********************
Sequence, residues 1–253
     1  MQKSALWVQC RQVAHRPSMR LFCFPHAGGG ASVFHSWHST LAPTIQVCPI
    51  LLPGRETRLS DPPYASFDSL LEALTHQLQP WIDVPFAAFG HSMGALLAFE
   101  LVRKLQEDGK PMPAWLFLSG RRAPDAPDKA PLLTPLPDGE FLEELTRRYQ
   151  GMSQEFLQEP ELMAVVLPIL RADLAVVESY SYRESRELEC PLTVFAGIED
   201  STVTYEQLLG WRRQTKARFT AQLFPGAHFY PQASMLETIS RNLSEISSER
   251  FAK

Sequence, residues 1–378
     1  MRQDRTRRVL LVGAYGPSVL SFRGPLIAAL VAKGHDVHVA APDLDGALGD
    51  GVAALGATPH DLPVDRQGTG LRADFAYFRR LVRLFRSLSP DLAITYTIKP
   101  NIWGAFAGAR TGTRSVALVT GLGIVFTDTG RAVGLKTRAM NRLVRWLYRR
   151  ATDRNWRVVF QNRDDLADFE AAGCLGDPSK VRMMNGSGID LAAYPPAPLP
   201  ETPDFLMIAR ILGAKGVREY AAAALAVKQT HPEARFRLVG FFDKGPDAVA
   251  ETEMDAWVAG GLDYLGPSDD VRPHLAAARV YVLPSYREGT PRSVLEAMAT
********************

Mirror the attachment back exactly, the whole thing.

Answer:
Sequence, residues 1–253
     1  MQKSALWVQC RQVAHRPSMR LFCFPHAGGG ASVFHSWHST LAPTIQVCPI
    51  LLPGRETRLS DPPYASFDSL LEALTHQLQP WIDVPFAAFG HSMGALLAFE
   101  LVRKLQEDGK PMPAWLFLSG RRAPDAPDKA PLLTPLPDGE FLEELTRRYQ
   151  GMSQEFLQEP ELMAVVLPIL RADLAVVESY SYRESRELEC PLTVFAGIED
   201  STVTYEQLLG WRRQTKARFT AQLFPGAHFY PQASMLETIS RNLSEISSER
   251  FAK

Sequence, residues 1–378
     1  MRQDRTRRVL LVGAYGPSVL SFRGPLIAAL VAKGHDVHVA APDLDGALGD
    51  GVAALGATPH DLPVDRQGTG LRADFAYFRR LVRLFRSLSP DLAITYTIKP
   101  NIWGAFAGAR TGTRSVALVT GLGIVFTDTG RAVGLKTRAM NRLVRWLYRR
   151  ATDRNWRVVF QNRDDLADFE AAGCLGDPSK VRMMNGSGID LAAYPPAPLP
   201  ETPDFLMIAR ILGAKGVREY AAAALAVKQT HPEARFRLVG FFDKGPDAVA
   251  ETEMDAWVAG GLDYLGPSDD VRPHLAAARV YVLPSYREGT PRSVLEAMAT